Ava DuVernay is one of just four women to helm a movie with a budget of over $100 million, and that film, A Wrinkle in Time, is already getting major hype ahead of its release this month.
During the promotional tour, the director has spoken about how precarious she feels her position as a black female filmmaker is in Hollywood compared to the likes of a white male director like Guy Ritchie.
“I just feel like I have a short window in this industry,” she told AP. “There is no precedent for a black woman making films consistently. There are beautiful black women directors but there are seven-year, six-year gaps between them.
“I look at Guy Ritchie. That guy is bulletproof. He can make something that doesn’t work. The next week he’s the director of another thing. I look at him and I’m like, ‘Wow, that’s fantastic.’ But that wouldn’t have been Patty Jenkins and it won’t be me.”
Ritchie’s last two movies – King Arthur: Legend of the Sword and The Man From U.N.C.L.E. – were both flops but he was still given the live-action Aladdin movie to direct by Disney.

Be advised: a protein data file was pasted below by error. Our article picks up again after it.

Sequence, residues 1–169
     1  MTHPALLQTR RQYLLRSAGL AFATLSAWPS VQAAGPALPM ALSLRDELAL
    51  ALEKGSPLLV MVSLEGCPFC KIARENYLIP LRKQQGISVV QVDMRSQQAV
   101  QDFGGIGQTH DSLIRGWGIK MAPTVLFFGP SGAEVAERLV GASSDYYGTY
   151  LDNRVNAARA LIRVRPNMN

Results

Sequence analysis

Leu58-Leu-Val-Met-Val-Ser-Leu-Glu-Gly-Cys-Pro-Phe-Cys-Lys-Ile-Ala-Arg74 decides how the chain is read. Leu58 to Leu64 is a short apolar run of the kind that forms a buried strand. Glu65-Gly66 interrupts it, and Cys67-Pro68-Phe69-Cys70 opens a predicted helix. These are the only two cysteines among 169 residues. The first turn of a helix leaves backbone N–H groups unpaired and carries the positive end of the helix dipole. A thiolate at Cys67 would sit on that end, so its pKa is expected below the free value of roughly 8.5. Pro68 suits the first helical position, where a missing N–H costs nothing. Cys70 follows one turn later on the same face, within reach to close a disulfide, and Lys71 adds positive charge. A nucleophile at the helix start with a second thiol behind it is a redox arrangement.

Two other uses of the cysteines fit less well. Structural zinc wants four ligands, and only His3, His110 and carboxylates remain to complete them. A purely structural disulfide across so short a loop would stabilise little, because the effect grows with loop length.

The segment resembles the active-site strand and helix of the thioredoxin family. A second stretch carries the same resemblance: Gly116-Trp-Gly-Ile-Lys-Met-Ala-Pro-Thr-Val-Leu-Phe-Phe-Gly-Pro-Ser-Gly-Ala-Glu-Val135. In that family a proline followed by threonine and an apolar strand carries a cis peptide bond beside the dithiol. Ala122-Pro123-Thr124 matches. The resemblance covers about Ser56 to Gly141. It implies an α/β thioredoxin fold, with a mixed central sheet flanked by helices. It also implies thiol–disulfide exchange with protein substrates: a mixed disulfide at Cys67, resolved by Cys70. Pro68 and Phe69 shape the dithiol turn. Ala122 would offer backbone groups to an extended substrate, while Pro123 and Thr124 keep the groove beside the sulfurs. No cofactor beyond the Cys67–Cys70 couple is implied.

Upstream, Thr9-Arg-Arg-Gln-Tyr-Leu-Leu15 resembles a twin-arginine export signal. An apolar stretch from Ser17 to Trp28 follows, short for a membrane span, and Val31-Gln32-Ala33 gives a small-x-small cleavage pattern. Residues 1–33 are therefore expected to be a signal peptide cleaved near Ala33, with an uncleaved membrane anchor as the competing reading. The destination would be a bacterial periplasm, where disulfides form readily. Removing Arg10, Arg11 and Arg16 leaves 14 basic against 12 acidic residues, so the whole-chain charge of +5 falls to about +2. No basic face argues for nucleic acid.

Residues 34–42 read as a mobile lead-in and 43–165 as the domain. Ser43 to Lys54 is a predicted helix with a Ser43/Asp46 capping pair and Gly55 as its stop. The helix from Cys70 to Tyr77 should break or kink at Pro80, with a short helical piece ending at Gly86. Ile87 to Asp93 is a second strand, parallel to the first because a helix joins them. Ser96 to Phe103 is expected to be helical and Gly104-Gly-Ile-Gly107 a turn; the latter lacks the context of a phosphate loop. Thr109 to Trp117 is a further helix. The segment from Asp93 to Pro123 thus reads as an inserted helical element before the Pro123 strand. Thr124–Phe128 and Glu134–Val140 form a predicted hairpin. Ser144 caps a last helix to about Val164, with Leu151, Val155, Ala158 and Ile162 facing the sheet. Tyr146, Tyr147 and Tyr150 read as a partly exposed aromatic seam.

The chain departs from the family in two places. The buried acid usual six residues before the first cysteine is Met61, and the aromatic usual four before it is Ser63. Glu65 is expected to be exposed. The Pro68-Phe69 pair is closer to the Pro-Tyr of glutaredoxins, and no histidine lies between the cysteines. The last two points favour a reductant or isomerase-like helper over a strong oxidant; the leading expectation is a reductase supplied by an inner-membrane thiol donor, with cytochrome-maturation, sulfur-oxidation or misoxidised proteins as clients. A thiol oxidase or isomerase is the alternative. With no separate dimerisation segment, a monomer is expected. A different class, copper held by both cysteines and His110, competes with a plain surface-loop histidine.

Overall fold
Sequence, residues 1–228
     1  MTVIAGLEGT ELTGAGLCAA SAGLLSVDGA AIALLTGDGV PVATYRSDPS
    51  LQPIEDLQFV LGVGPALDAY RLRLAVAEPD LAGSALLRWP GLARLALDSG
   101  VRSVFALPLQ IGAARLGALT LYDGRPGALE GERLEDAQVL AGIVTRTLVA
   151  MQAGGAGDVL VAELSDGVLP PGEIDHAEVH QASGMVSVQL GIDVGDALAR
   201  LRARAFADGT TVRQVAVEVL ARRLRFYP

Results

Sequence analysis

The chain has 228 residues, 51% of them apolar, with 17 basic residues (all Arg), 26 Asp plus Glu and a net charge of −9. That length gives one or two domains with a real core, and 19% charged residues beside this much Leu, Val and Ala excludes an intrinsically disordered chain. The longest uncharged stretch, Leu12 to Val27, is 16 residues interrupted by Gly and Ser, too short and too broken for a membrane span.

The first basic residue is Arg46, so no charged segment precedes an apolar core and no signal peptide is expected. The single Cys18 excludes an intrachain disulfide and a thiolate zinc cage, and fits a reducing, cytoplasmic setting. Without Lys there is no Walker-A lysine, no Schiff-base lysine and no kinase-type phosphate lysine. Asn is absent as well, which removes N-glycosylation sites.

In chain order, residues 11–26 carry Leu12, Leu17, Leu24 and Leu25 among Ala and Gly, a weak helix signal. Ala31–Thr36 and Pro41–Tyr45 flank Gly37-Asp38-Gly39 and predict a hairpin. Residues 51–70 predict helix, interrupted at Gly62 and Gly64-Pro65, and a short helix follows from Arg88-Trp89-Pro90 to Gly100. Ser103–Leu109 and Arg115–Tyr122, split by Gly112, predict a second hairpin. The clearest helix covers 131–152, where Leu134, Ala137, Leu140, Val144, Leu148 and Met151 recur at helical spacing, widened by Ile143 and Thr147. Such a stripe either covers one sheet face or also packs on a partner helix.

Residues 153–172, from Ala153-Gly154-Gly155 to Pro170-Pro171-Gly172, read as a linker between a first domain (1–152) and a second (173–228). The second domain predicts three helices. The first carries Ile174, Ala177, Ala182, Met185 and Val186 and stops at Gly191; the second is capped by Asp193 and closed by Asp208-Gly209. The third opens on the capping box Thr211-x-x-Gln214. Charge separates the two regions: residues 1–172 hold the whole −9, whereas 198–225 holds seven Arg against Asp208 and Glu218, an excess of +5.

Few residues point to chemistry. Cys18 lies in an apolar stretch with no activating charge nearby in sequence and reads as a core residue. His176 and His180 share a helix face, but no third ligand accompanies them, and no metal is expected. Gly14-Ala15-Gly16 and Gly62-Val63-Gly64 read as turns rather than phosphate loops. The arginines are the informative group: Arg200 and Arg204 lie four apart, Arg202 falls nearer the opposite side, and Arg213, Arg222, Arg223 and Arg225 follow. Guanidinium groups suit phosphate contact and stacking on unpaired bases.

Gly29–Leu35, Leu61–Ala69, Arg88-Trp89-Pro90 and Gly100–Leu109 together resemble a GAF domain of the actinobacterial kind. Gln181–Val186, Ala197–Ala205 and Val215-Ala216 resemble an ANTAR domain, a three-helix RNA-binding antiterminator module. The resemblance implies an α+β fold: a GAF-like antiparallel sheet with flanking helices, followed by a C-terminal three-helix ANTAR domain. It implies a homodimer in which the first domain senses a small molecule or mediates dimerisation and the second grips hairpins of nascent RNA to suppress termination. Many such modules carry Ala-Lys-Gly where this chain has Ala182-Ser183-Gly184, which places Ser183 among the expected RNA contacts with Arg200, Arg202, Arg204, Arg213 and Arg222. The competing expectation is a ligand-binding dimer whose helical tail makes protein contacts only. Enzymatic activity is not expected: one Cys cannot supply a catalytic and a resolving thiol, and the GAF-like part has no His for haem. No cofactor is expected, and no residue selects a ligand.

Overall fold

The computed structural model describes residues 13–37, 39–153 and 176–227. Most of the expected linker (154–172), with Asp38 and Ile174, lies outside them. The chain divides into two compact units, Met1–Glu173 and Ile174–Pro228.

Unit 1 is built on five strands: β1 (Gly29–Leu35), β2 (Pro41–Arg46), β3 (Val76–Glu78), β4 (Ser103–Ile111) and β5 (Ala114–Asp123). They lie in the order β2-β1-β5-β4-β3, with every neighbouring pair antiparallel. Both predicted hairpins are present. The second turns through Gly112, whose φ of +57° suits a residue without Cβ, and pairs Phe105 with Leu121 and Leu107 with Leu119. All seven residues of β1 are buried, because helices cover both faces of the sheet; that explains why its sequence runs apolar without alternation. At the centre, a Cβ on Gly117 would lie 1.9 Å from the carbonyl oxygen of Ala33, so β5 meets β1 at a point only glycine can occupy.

DuVernay earned critical acclaim for her historical drama Selma and she became the first black woman to be nominated for Best Director at the Golden Globes. She followed the movie up with a documentary, 13th, which was nominated for an Oscar.
Lynne Ramsay, who directed the new Joaquin Phoenix movie You Were Never Really Here, has also spoken out about the double standard of Hollywood.
You’ve got to stick up for what you believe in. If you don’t do that, you’re doing a disservice to the audience, because you’re making something really diluted,” she told the Guardian.
“And if you do that when you’re a guy, you’re seen as artistic – ‘difficulty’ is seen as a sign of genius. But it’s not the same for women. It’s a tough industry, and if you’re a woman it’s harder, whether you like it or not.”
A Wrinkle in Time is in cinemas on March 23